Only a few days to go: We’re raising £25,000 to keep TheyWorkForYou running and make sure people across the UK can hold their elected representatives to account.Donate to our crowdfunder
'(1) The Secretary of State shall appoint a panel of not less than four and not more than six experts to recommend the sums of money to be allocated to the Welsh Consolidated Fund.
(2) The Secretary of State shall publish in full the terms of any recommendations made under subsection (1).
(3) The panel shall have regard to—
(a) the principle of fairness,
(b) the principle of transparency, and
(c) the particular needs of Wales.'.—[Lembit Öpik.]
Brought up, and read the First time.
I beg to move, That the clause be read a Second time.
I am grateful to Mrs. Gillan and her colleagues for speaking so briefly on the preceding new clauses.
New clause 11 deals with the allocation of funds. It returns us to the age-old debate, which I have initiated many times over the past nine years, about the principles of fairness, transparency and a needs-based formula for conveying money to the Welsh Assembly and thus to the Welsh people. Currently, as all Members know, we have the Barnett formula, which is so discredited that Barnett himself—the inventor of the formula—says that he is ashamed to be associated with it. It was good for its time but its time has long gone, and for that reason we Liberal Democrats propose new clause 11, which would require the Secretary of State to
"appoint a panel of not less than four and not more than six experts to recommend the sums of money to be allocated to the Welsh Consolidated Fund."
The Secretary of State would also be required to publish in full the terms of any funding recommendations made by the panel. Moreover, the panel would have specific regard to
"the principle of fairness . . . the principle of transparency . . . and . . . the particular needs of Wales."
The problem is that the Barnett formula is not needs-based and does not take account of the social and economic conditions of Wales. Furthermore, it has random unintended consequences that create difficulties in allocating funds to Welsh expenditure. If we compare what Wales is given with what it needs, it is clear that it often loses out. The levels of deprivation in Wales and its economic circumstances are often quite different from those in the rest of the UK. So our request is very simple: that the Government take on board a recommendation that has come from all quarters, including from the inventor of the existing formula himself; and that, for once, they listen to recommendations—made, on this occasion, by Opposition politicians—based on common sense.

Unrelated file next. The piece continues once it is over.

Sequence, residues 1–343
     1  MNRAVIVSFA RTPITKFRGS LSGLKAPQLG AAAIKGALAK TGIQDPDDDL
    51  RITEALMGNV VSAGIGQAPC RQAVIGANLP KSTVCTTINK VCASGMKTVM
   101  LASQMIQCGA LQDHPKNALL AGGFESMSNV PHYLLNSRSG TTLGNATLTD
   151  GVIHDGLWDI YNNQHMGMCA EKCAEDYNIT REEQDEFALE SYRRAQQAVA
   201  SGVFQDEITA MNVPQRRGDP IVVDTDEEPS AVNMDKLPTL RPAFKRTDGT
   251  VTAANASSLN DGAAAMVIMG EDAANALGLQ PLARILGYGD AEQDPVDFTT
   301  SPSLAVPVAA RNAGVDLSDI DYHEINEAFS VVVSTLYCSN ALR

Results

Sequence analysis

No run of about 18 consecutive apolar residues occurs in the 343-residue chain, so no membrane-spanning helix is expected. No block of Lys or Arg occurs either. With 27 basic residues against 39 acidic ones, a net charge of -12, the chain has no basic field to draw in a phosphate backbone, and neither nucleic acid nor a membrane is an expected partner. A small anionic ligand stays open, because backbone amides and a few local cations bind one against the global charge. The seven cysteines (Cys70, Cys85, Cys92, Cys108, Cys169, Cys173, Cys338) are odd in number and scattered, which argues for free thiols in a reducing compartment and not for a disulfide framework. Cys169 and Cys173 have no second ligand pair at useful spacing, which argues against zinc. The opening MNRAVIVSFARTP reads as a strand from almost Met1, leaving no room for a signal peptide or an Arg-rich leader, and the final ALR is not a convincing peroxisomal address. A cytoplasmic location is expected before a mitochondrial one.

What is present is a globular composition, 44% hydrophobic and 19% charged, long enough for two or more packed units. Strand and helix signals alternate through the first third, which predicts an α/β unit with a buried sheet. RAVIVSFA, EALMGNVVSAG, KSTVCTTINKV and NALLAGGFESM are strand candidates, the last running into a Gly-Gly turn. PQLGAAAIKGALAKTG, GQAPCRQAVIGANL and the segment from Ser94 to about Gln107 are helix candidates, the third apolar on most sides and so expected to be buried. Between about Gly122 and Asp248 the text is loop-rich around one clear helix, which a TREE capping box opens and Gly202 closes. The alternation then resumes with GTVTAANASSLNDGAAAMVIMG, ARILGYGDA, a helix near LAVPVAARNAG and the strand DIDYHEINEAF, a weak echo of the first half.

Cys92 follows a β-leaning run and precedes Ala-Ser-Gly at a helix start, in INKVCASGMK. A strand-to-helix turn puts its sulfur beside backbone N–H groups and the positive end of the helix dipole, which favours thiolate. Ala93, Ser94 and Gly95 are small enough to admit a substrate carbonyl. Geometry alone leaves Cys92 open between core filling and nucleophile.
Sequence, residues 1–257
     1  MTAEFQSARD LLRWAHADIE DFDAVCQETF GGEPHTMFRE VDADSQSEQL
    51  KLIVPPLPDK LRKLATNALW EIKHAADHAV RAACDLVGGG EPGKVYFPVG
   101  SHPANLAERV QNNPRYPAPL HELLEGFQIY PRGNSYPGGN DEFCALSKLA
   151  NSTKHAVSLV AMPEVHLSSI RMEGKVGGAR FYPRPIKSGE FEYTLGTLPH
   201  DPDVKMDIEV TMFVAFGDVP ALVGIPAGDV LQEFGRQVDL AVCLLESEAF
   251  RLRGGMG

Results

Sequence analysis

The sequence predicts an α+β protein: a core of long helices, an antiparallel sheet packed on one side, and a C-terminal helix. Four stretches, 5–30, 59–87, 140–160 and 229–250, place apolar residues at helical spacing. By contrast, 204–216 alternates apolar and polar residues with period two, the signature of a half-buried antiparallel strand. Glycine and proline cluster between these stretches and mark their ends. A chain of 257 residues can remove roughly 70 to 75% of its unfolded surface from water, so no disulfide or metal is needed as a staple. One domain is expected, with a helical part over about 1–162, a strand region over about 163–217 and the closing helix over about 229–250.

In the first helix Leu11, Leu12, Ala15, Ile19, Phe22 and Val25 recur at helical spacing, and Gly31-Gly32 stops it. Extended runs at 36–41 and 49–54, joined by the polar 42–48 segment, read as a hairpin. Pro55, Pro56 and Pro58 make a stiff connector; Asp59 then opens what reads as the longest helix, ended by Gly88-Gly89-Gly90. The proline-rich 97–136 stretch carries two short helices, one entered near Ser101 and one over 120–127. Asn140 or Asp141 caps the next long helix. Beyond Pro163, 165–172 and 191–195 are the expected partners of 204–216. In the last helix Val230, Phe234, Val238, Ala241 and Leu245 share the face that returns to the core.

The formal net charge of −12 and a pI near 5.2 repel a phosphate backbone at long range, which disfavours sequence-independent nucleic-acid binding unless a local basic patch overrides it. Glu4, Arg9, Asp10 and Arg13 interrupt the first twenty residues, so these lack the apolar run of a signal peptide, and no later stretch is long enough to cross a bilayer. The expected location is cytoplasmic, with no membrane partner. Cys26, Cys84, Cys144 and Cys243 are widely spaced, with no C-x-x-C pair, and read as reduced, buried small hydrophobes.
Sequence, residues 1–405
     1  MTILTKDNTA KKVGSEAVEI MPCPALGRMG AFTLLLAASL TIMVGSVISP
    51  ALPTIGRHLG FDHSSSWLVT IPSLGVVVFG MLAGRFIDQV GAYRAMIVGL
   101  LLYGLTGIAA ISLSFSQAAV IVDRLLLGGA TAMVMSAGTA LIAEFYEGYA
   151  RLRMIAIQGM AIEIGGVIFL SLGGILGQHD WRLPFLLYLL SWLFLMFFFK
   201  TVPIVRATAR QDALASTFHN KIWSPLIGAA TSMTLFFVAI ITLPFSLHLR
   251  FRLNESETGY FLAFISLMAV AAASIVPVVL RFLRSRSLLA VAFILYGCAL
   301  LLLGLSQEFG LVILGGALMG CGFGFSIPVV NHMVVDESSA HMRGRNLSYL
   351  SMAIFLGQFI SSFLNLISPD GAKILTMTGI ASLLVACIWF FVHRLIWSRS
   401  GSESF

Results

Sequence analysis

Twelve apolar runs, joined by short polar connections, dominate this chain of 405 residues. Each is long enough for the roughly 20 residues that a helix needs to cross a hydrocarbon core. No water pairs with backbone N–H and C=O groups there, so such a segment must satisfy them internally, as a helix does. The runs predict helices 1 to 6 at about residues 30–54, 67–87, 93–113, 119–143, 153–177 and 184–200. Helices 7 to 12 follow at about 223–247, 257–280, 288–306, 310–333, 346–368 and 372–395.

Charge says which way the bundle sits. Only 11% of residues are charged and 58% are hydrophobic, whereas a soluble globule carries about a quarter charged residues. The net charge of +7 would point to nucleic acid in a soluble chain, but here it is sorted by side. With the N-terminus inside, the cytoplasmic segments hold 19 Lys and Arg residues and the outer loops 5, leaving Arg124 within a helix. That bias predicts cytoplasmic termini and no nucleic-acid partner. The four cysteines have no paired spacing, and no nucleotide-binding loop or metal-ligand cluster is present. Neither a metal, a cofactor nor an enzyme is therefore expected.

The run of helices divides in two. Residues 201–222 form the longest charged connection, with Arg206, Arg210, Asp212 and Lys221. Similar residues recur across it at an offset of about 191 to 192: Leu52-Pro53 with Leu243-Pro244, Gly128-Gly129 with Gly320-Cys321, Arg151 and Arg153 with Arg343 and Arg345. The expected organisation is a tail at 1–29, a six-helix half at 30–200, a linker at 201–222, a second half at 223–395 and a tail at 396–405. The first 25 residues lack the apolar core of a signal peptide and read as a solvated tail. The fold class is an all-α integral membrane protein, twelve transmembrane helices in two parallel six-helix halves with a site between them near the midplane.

We are not seeking to gerrymander the formula in favour of Wales; rather we are trying to ensure that it is fair to Wales—and, for that matter, to Scotland and Northern Ireland—by it being needs-based. We have to take the chance that, as Wales prospers under a Liberal Democrat Administration, its funding will be less because its needs will be less. But so far as we are concerned, this is not about begging bowls and asking for more; rather, we are asking for fairness. As the new clause makes clear,
"fairness . . . transparency . . . and the particular needs of Wales" are the right bases on which to allocate funds.
In conclusion, I look forward to hearing what the Minister and others have to say. I hope that he will say that he has been persuaded by the arguments—arguments that have been made many times before—and that he will incorporate the new clause. If he does, he will be a hero not just to the Liberal Democrats but to the people of Wales. If he does not, he will stand condemned alongside other Ministers who have shown a similar unwillingness to demonstrate the ability to listen that this "listening" Government so often claim for themselves.